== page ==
All those labels have been disappointing to Harbaugh but Jackson has enjoyed the stir created by his comment — one rooted in proving people wrong.

“You could say that,” Jackson said.

Murray knows the feeling. He heard the whispers when he transferred from Texas A&M to Oklahoma after his freshman season in 2015. The rap on him back then was that he was a short quarterback who couldn’t throw.

“Bad combination,” he said wryly.

Murray “for sure” felt like he had to prove himself, which he did last season at Oklahoma when he threw for 4,361 yards while running for 1,001. He won the Heisman and was the first pick in April’s draft.

His rushing total fueled the chatter pre-draft that he was a running quarterback. Last Sunday began to put that notion to rest and every Sunday to come can reinforce it.

“The biggest thing is understanding that we can throw the damn ball, too,” Hundley said. “Now you see a lot of quarterbacks coming through the pipeline that are both runners and passers.”

Neither Murray nor Jackson will shy away from having the ability to make plays with their feet. And neither will shy away from using them.

“The ability to run is definitely changing the game,” Murray said.

It’s a weapon that can be tough for defenses to scheme against, Harbaugh said.

Cardinals rookie defensive lineman Zach Allen saw that first-hand when he played at Boston College against Jackson at Louisville. The Eagles schemed to prevent Jackson from running during Allen’s junior season. It didn’t matter. Jackson scored two touchdowns on 73 yards rushing while throwing for 354 yards and a touchdown.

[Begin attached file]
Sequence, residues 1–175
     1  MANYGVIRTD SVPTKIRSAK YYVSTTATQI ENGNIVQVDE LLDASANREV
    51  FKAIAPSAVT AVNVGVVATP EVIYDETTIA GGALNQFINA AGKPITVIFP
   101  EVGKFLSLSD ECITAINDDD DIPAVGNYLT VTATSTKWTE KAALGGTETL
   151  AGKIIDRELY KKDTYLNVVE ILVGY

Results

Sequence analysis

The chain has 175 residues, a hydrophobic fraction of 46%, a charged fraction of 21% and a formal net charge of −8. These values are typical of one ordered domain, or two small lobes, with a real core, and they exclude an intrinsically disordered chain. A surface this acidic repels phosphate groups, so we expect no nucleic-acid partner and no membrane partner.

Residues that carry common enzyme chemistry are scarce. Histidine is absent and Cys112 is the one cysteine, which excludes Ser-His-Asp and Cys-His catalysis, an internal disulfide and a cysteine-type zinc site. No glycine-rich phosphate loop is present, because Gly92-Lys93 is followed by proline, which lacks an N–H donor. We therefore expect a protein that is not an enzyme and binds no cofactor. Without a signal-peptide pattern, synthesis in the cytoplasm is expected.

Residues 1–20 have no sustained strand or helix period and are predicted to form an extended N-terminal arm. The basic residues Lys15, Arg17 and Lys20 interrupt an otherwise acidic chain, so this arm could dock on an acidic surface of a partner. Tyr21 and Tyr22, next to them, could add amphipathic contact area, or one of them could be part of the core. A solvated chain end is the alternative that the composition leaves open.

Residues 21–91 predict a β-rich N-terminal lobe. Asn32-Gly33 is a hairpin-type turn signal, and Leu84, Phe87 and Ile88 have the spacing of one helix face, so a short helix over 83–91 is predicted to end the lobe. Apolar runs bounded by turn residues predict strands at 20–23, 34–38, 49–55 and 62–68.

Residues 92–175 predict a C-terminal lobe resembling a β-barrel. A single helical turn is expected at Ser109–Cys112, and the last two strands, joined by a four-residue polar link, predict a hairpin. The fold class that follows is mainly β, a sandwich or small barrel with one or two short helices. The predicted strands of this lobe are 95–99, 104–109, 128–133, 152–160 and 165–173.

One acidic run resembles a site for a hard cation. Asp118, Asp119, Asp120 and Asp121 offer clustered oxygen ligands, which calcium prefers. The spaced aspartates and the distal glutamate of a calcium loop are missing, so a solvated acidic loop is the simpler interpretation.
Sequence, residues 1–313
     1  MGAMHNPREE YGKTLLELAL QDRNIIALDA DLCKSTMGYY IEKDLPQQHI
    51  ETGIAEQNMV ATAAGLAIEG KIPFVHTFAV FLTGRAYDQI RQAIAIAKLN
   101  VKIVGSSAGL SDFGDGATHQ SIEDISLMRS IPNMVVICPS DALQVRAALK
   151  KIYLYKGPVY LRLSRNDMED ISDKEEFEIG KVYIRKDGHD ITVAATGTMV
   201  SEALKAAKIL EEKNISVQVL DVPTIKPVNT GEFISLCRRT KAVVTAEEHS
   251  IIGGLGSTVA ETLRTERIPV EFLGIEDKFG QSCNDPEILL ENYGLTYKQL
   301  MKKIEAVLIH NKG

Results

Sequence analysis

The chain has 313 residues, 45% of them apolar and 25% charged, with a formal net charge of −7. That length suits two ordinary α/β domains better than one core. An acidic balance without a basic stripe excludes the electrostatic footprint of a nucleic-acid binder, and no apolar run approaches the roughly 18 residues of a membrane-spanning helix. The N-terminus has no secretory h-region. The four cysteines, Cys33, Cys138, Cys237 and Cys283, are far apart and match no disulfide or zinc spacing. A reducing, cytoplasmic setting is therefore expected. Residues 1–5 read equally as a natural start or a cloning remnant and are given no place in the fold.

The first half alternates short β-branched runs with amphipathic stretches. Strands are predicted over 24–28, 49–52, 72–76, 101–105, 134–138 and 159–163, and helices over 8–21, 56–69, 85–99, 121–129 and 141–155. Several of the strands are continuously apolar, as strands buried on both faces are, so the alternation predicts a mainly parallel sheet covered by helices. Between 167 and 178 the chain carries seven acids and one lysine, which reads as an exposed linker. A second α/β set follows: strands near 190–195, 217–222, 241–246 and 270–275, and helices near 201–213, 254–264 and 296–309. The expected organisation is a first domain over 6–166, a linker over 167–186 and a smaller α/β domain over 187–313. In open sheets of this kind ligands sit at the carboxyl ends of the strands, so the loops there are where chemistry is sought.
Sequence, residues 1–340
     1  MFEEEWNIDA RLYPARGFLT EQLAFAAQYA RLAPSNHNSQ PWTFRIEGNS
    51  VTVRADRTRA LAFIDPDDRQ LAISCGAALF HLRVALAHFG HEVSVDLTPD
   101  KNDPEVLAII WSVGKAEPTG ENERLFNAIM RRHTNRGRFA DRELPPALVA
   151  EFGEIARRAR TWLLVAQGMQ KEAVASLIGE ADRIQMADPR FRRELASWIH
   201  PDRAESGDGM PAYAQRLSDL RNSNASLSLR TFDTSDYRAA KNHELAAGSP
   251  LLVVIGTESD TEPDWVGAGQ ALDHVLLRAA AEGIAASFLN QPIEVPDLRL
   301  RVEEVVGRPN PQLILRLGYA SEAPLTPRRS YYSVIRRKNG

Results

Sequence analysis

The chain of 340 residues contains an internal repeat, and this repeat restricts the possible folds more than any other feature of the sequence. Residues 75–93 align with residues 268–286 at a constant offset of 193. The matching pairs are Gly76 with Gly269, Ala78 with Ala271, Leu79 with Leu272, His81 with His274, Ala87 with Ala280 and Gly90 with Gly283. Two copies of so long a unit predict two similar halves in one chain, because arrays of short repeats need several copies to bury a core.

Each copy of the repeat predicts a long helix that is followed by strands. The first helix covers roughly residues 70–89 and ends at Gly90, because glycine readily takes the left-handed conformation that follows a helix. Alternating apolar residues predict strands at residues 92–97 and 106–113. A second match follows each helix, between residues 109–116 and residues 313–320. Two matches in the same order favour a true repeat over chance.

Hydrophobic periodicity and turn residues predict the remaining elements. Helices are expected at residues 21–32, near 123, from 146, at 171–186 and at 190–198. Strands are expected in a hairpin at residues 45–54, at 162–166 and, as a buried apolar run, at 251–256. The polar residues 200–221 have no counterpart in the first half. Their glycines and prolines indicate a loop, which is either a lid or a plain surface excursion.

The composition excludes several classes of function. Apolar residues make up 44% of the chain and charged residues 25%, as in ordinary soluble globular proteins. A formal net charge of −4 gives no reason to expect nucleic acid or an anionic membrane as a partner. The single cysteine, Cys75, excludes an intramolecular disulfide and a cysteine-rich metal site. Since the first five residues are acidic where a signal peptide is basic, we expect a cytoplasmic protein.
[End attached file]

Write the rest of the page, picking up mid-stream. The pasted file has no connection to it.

“They’re both fast,” Allen said of Jackson and Murray, who he’s faced since rookie minicamp. He called both “elite” passers but said their running skills force defenders to think twice.

“You really have to be on point and focus every play because they can do it in any way,” Allen said. “It just makes our job harder, but also it’s a challenge and it’s a lot of fun. Do you make a conscious effort not to overcommit against guys like that?

“They can run by anybody.”

Still, running as a quarterback in the NFL is a risk. Too much is at stake for any given franchise, especially when quarterbacks are receiving megacontracts. But, not surprisingly, it’s the quarterbacks who think it’s sustainable to run.

Kingsbury? Not so much.

“It isn’t until somebody proves that it is,” he said.

The key, Seahawks quarterback Russell Wilson said, is to be smart.

“It’s getting down, understanding when to get out of bounds, not taking unnecessary hits, especially when you have the football in your hands,” Wilson said.

“It’s one thing to … sit in the pocket and you got to get hit or whatever. That may happen. Those things are going to happen, for sure. But it’s another thing to run. You don’t want to get smacked when you’re running down the field. I think just having the intelligence and understanding when to get down, how to slide, all those things is critical.”

Murray doesn’t like getting hit. Once he gets his yards, he’s planning on getting down.